What if it was illegal to express your chosen values by engaging in a boycott? After all, a boycott is a form of discrimination. Shouldn’t people be forced to enter into relationships against their will in contradiction to their values? After all, that’s the argument of those opposed to Indiana’s religious freedom law.
Expressing his insights in a recent op-ed for the Minneapolis Star Tribune, Hennepin County Sheriff Rich Stanek lays out a comprehensive critique of our “one-size-fits-all criminal justice system” that treats people with mental illness and chemical dependency as if they were violent criminals. Elsewhere, in a piece for USA Today, author points out that we now have so many laws on the books that “you are probably breaking the law right now.”
We need comprehensive criminal justice reform at every level of government rooted in the principle of individual rights – tough on criminals who leave victims in their wake, and not saddled with larger societal problems that require treatment instead of punishment.
Public policy debates frequently place the proverbial cart before the horse by prioritizing the convenience or “need” of a favored constituency (or “society” as a whole) ahead of the rights of individuals. But the only thing which human beings truly need from each other is the freedom to pursue chosen values. That may inconvenience those who would prefer to trespass and steal to get what they want. But such inconvenience is not an argument against liberty.
Republican leadership in the Minnesota House appear to be blocking progress on a bill boasting broad bipartisan support which would restore voting rights to parolees living in the community. A chance to freshen up the party’s brand and demonstrate the value of Republican principles to non-traditional constituencies is being squandered.
Arguing against voting rights seems like a losing proposition. But that hasn’t stopped some activists from doing so after a bipartisan rally last week to restore the franchise to felons on parole. What’s been said, and why its wrong.
Becoming the first major candidate to officially enter the 2016 presidential race, Senator Ted Cruz got off to a rocky start Monday when his campaign message was eclipsed by controversy over his chosen venue. Reason blogger Robby Soave slammed both Cruz and Liberty University for piggybacking his announcement on top of a mandatory convocation assembly.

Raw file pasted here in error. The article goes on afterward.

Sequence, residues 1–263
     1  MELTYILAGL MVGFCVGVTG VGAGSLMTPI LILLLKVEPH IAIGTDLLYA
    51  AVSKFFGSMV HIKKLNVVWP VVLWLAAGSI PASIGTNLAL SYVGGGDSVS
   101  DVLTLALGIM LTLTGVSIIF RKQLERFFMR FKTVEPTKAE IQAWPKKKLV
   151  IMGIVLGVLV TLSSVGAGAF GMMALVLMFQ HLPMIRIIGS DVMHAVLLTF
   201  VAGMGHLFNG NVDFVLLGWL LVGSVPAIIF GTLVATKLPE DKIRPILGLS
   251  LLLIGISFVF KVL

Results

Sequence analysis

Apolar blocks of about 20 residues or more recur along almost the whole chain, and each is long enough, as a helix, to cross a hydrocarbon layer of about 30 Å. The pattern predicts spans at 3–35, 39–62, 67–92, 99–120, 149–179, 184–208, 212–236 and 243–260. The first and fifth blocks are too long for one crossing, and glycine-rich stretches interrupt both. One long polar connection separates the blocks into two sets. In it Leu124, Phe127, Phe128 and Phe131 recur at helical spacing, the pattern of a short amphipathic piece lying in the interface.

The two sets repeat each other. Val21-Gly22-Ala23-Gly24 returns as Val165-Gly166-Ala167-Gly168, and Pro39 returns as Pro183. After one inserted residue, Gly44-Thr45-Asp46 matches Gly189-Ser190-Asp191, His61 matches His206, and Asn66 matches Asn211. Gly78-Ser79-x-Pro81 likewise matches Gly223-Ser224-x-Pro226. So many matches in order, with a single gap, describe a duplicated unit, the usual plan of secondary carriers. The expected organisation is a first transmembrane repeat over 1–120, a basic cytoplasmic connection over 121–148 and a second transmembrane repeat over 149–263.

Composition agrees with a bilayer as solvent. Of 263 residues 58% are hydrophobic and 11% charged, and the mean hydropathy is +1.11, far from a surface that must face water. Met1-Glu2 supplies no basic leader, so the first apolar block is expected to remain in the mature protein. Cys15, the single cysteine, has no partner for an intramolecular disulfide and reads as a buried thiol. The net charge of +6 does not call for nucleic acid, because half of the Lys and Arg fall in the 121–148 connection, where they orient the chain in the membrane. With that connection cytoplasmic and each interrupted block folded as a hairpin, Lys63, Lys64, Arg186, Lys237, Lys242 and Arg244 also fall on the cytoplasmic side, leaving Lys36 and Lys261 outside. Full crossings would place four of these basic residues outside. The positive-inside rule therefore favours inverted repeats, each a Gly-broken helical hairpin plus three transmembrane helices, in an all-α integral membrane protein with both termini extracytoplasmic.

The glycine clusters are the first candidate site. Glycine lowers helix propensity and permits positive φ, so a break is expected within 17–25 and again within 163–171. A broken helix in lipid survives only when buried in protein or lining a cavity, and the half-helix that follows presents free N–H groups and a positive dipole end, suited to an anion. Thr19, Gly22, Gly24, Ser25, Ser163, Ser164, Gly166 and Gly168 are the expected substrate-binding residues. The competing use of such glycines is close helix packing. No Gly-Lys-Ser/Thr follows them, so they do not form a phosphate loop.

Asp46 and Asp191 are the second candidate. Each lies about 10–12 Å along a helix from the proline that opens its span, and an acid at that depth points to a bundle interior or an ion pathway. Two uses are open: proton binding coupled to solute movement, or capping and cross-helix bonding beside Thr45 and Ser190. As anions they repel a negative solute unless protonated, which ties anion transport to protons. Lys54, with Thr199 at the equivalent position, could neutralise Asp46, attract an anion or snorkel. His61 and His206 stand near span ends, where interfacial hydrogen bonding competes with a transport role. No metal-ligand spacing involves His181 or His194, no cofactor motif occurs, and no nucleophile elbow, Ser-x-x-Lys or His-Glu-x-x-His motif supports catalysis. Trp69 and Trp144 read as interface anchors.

Calling people racist has become the tactic of first resort for activists from the radical left. Believe in property rights? You’re a racist. Think you should be able to keep your money? You’re a racist. Want to choose where your kid goes to school? You’re a racist.
Despite such misuse of the term, there is a fairly straight forward way to determine whether a thought, phrase, or action is truly racist. It’s a test which reveals racism everywhere you look, but not from the sources most commonly accused.
An interview on Up and At ‘Em on AM 1130, including representatives from Black Lives Matter Minneapolis and an education advocacy non-profit known as Better Ed, contained some of the most overtly racist rhetoric to be found in modern discourse. Appeals to equality and justice were cloaked in naked judgment of whites based solely on the color of their skin.
Apparently working under the Pelosi model of voting on bills so she can find out what is in them, Senator Amy Klobuchar now claims an aide failed to disclose language in an anti-human trafficking bill which denied federal funds for abortion. When’s the last time you got by on the excuse that you didn’t know something because someone else didn’t read it to you?
The single greatest cultural barrier to the preservation and advancement of liberty is our reverence for sacrifice. We use the word in reference to things which are actually good for us. But its true meaning is exhibited by an author at Slate who thinks you should give up what’s best for your kids for the sake of an “eventual common good.”